Franco also advises patients who are allergic to dust mites to use covers for pillows and mattresses, to eliminate items that collect dust like stuffed animals and books, and to avoid using a fan, which moves dust around.
To treat asthma, doctors use both rescue therapies and preventative therapies, Martinez said. Rescue therapies include bronchodilators, like Albuterol, used to relax the bronchial tubes and relieve the spasm in the airways when a child is having an asthma attack.
Others medications are preventative, such as inhaled corticosteroids — including Flovent, QVAR, Pulmicort and others, which are designed to be used every day.
Corticosteroids can also be used in the acute stages of asthma, and can modify the severity of an attack if used early enough, said Dr. Andrew Colin, a pediatric pulmonologist who is the Batchelor professor of cystic fibrosis and pediatric pulmonology at the University of Miami and is the director of the program of pediatric pulmonology at UM/Holtz Children’s Hospital in Miami.
“We have modified the face of asthma from a disease that was landing children in the emergency room and hospital in the hundreds with no appropriate response, to one that is entirely treatable outside the hospital,” Colin said.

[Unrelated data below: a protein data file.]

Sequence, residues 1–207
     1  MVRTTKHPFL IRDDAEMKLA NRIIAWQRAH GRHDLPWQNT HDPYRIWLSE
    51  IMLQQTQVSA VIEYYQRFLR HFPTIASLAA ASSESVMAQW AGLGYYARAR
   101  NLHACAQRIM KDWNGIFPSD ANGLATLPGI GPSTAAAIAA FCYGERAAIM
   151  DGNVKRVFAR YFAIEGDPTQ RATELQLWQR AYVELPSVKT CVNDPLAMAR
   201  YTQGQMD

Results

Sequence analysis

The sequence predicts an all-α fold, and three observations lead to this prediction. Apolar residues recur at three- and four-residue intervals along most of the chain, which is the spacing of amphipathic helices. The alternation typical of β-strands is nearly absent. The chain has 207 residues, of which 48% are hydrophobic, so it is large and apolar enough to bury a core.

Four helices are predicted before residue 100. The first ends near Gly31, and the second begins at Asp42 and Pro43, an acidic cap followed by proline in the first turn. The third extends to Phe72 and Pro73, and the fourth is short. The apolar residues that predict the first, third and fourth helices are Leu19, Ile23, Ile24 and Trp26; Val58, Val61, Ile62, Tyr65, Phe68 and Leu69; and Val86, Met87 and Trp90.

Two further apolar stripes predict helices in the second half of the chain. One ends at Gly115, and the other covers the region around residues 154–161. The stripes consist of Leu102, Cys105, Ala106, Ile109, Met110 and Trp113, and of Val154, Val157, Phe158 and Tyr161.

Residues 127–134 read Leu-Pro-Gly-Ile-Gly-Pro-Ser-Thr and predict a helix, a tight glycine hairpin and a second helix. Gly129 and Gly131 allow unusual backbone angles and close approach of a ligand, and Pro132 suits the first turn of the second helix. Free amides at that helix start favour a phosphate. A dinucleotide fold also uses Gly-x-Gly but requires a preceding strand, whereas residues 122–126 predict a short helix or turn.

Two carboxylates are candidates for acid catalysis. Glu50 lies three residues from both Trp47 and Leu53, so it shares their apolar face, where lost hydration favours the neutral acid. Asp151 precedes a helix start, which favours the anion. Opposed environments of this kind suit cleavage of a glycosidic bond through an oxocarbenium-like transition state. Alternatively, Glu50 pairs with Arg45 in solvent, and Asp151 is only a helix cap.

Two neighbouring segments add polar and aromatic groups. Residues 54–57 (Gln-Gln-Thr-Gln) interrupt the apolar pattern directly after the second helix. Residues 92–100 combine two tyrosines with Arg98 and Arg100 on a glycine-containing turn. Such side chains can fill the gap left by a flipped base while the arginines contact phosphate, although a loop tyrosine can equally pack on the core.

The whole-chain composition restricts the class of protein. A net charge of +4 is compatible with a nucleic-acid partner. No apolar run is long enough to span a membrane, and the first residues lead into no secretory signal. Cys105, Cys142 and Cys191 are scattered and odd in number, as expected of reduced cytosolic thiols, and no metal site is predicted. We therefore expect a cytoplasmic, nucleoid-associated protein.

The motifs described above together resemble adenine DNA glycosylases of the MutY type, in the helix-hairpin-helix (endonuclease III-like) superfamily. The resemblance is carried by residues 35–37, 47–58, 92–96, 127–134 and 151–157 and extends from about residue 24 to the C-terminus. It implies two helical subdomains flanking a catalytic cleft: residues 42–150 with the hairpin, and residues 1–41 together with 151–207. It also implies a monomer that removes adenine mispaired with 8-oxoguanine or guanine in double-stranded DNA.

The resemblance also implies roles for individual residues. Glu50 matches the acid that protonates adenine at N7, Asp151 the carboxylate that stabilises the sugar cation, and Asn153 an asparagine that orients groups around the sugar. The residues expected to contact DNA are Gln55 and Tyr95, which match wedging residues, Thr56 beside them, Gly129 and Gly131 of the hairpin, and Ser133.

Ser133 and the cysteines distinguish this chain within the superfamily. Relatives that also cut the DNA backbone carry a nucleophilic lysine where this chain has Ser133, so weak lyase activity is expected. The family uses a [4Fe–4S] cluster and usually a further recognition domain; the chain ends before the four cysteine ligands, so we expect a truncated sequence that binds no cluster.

“The appropriate preventative approach, and keeping track of the child over time with the appropriate modification of the medication, can make asthma a very tolerable disease,” he said. “They don’t miss school. They sleep at night and can participate in games and participate at sports.”
Diagnosis and treatment are key, and can prevent the child from becoming an inactive adult, Colin said.
“It is the very mild asthmatic that is the risky kid because it will impact the way they perceive themselves, that they not able to run,” he said. “And they will not participate in sports, and will not become athletes, and will change their lifestyle from one that is normal and active to one that is sedentary — and they will watch TV all day and become obese.”
Doctors say that for a child with asthma, ongoing follow-up with a physician is crucial.
“Asthma is a condition that can have a lot of ups and downs and it’s very important for it to be evaluated periodically,” Martinez said. “It’s not the type of treatment that you treat once and it goes away. You have to monitor it regularly, and that is the best way to optimize control.”
Today, it is only an exceptional asthmatic that cannot be effectively treated, Colin said.
“Many times by doing the right medications, the right education, the access to healthcare and compliance with medication, they can have a very normal life,” Franco said. “That is the goal — to have a very normal life.”